Women are celebrating their periods with awesome nail art

The #PeriodNails trend on Instagram is both cute and educational

Monthly periods are something that connect all women together, but talking about it is still pretty taboo. Ever see a tampon or sanitary pad commercial? The liquid they use to demonstrate absorption is always blue, when in reality it’s red. You know, because it’s blood and blood is red.

Even worse: Women in some countries are banished outside during menstruation.

We (meaning men and women) need to get comfortable talking about periods. Canadian artist Annelies Hofmeyr is doing her part by putting periods front-and-center on her nails.

"I really don't understand why my tampon nails never became a trend," she wrote on Instagram, along with a photo of her nails that feature blood red “stains” over a white base, topped off by little blue tampon strings.

 
 

I really don't understand why my tampon nails never became a trend 🤷🏼‍♀️

A post shared by Annelies Hofmeyr (@wit_myt) on

 

She’s not the only one wearing her uterus on her nails.

Period-inspired nails are becoming a sort of mini-trend on Instagram, with several people posting their own works of art under the #periodnails hashtag. Some announce their current status quite literally with a “I’m on my period” declaration featuring mini tampons.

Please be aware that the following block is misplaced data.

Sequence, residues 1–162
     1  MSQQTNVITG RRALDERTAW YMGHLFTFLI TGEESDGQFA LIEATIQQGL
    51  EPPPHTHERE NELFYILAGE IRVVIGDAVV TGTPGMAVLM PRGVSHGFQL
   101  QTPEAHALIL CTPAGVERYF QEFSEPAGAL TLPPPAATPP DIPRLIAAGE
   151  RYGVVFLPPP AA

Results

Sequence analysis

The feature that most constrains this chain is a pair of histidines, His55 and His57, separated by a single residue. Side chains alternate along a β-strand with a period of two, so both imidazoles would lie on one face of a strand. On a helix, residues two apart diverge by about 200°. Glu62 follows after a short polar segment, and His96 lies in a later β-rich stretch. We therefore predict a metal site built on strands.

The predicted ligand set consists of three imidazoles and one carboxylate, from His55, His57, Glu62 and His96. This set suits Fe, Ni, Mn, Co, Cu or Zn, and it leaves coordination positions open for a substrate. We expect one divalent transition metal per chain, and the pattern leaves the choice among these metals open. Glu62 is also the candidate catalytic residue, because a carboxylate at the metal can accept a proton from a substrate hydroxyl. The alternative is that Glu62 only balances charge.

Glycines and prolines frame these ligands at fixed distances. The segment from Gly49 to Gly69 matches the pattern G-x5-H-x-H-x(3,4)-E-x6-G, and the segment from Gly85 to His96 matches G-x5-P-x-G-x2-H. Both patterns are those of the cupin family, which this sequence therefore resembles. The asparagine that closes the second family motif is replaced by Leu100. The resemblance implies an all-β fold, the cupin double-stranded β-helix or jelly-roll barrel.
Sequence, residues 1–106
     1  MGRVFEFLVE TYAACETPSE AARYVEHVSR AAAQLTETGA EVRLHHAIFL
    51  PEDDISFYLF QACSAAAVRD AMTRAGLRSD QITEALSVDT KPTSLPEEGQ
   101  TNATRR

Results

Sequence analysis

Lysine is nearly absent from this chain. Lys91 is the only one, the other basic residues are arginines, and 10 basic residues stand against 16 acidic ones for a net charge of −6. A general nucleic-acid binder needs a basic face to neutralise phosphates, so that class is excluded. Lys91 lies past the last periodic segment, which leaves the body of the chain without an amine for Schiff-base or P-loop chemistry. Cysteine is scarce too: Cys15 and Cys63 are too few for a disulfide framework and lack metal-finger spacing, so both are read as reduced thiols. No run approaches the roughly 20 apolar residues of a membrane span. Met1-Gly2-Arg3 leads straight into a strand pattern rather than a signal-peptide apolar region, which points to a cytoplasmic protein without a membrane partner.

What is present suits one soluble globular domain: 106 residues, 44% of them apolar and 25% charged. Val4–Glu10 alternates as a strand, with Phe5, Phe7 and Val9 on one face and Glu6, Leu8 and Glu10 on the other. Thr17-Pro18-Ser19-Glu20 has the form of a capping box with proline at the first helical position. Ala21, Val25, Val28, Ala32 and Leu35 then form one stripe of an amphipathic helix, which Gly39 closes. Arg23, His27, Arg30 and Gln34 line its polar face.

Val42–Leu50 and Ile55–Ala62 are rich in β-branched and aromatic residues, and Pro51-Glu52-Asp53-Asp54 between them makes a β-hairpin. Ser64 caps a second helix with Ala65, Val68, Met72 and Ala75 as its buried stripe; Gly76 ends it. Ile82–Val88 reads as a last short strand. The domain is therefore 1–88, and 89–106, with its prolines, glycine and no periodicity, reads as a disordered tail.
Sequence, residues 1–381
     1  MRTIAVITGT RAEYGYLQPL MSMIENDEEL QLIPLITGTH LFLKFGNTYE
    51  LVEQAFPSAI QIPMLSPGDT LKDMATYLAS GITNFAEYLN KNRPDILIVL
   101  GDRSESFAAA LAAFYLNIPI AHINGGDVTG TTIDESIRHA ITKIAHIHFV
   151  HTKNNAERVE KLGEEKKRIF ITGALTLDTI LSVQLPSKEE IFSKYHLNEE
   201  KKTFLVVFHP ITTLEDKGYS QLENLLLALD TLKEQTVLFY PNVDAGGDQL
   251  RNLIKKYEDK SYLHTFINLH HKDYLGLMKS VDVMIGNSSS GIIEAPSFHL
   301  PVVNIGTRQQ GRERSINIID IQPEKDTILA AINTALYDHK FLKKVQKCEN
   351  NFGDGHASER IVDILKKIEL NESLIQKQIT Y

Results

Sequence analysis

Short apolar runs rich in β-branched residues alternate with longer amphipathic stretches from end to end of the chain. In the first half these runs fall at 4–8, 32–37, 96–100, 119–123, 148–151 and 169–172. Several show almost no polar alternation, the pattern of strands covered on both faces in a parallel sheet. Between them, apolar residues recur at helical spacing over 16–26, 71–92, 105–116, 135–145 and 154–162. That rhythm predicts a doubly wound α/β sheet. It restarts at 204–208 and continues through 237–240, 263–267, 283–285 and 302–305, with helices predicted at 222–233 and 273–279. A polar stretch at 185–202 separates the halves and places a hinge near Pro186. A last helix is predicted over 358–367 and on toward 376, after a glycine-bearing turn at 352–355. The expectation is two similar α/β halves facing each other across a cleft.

On my period #periodnails #um

A post shared by Lil Bean Curd (@bekahroush) on


Not ready to ask for the look at your nail salon? You can invest in nail decals featuring intrauterine birth control devices (IUDs) and menstrual cups.

 

 


More talk around periods is definitely a good thing because education is still lacking: upwards of 50 percent of girls in India don’t know anything about menstruation before they get to puberty. Also, girls are getting their periods earlier than ever and a lack of information can leave them unprepared — and embarrassed — when it happens for the first time.

The Instagram reaction to Hofmeyr’s work is pretty positive with comments like “genius” and “perfect.” Will in be as popular in public? Maybe, maybe not — but it’ll start a conversation, which is never a bad thing when it comes to health.

 
 
 
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